Jobless claims dipped last week by a meager 4,000 to a seasonally adjusted 444,000, the Labor Department reported this morning. But even that spare decline is less than it seems. The previous week’s claims were revised up by 4,000, making the last two weeks more or less a wash, depending on whether you’re feeling statistically generous or not.

Stepping back and looking at the broader trend reveals that jobless claims continue to bounce around at the low end of the range for the year to date: roughly 450,000, give or take. That’s a substantial improvement from a year ago, but such observations are rapidly becoming the stuff of ancient history. In short, analysts are asking this data series: What have you done for me lately? Not much, it turns out. Indeed, it’s still unclear if claims will break through this floor any time soon. Clearly, the job market has been struggling in 2010, and based on this set of numbers, more of the same may be coming.

Optimists counter that there’s fresh hope for renewed progress in the wake of two encouraging months of robust gains in nonfarm payrolls (April’s rise was the best in four years). “The labor market is moving in the right direction,” says Ryan Sweet, a senior economist at Moody’s, via Bloomberg BusinessWeek. “Claims haven’t fallen as quickly as would be suggested by the non-farm payrolls.” The implication: new filings for jobless benefits are set to fall significantly in the weeks ahead.
Either that or the broad rebound in nonfarm payrolls will stall. The consensus view seems to favor progress, although it’s also clear that dismal scientists are having a tough time feeling confident about what comes next. Andrew Gledhill, also of, tells AFP: “The labor market is gradually recovering as businesses are growing more confident and slowing the pace of payroll reduction. That said, current values for initial claims remain high and we would like to see them come lower to be more comfortable with the sustainability of recent net job gains.” He advises that April’s gains in nonfarm payrolls suggest that initial claims deserve to be under 400,000, or about 44,000 claims lower than the latest tally.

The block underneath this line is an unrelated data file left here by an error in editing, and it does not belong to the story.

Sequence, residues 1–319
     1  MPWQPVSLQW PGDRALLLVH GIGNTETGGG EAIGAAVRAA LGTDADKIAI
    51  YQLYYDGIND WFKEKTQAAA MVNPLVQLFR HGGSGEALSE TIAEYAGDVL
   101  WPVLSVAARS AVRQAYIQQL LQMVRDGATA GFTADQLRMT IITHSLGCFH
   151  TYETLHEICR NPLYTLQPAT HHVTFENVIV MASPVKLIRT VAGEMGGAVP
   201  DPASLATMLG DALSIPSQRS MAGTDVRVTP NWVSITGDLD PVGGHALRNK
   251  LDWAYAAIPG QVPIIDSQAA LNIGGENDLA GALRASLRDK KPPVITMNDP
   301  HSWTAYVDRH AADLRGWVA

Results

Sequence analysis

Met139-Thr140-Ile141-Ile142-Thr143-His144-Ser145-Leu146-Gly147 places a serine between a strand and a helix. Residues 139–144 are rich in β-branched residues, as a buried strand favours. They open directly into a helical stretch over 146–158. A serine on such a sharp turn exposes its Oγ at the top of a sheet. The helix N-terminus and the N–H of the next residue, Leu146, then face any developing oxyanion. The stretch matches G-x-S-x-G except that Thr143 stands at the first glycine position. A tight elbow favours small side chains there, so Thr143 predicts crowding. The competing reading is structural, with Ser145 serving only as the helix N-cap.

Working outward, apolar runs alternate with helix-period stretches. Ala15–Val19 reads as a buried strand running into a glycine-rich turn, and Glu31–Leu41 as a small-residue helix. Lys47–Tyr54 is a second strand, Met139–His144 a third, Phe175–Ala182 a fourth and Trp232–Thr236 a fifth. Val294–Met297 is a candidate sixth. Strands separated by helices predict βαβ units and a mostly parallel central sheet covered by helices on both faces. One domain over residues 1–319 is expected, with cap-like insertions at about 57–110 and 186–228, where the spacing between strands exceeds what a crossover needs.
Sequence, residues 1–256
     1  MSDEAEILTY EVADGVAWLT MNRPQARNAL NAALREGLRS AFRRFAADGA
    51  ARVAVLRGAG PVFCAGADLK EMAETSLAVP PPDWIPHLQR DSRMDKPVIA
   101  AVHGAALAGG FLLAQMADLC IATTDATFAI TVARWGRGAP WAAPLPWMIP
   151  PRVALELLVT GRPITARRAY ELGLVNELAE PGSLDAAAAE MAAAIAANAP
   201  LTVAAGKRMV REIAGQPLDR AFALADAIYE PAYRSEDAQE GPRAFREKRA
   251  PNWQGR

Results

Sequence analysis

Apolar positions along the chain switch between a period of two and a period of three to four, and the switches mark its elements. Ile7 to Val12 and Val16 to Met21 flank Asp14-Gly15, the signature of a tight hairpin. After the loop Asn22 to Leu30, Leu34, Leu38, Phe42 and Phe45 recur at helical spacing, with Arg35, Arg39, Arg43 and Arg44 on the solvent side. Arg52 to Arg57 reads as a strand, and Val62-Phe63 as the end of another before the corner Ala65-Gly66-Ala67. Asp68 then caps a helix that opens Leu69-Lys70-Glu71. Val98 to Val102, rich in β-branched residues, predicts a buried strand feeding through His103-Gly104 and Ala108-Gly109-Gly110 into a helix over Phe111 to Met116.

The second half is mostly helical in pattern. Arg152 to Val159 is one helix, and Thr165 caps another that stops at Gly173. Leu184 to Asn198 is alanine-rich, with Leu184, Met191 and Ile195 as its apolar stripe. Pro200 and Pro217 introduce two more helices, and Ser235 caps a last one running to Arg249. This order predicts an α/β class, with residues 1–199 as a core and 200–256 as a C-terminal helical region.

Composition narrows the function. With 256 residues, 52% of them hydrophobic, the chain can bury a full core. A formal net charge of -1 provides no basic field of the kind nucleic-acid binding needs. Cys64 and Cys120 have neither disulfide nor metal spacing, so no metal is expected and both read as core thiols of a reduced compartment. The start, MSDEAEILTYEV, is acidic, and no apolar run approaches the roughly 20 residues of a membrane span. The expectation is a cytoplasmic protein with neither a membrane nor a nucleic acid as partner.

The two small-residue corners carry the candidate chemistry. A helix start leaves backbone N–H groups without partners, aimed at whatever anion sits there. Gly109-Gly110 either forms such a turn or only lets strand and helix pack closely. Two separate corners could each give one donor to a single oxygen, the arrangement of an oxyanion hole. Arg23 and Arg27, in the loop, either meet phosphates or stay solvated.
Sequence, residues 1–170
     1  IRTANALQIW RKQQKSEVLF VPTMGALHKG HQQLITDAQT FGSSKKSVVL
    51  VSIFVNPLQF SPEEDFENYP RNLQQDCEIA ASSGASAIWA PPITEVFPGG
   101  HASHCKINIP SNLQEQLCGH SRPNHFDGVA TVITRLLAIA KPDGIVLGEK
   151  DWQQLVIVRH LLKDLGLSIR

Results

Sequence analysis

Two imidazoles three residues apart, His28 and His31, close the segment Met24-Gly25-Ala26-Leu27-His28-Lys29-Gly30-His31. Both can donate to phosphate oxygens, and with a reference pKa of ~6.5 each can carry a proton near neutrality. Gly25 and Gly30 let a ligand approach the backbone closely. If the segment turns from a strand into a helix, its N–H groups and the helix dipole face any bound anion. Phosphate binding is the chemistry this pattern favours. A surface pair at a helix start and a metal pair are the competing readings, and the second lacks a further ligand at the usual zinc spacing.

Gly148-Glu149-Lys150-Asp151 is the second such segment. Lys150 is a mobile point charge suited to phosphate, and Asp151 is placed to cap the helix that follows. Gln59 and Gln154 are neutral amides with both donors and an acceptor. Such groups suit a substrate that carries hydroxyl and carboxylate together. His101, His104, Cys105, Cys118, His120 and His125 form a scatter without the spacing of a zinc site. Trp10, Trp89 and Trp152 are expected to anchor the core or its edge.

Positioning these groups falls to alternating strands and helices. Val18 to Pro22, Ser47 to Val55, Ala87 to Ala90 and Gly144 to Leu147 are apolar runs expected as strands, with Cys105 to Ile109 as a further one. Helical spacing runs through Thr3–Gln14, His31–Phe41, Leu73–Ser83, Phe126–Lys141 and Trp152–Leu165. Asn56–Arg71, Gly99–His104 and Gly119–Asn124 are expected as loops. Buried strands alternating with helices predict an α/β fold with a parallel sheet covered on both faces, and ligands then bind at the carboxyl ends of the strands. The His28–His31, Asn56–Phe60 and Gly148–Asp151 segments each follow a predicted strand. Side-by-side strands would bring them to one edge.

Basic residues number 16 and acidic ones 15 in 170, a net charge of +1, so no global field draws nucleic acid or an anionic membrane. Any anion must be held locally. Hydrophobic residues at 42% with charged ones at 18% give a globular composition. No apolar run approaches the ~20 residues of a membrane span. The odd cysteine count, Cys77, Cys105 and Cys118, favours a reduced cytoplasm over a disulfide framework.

That’s going to be tough in the near term, another analyst warns. “There are more jobs being created, but the general trend is that businesses are still reluctant to hire,” notes Gary Shilling of A. Gary Shilling & Co. in a Reuters piece today. “The data show that the issue is more a lack of hiring and not people getting laid off.” And, he adds, “That’s why the unemployment rate [currently at 9.9%, or near the high point for the recession] remains where it is.”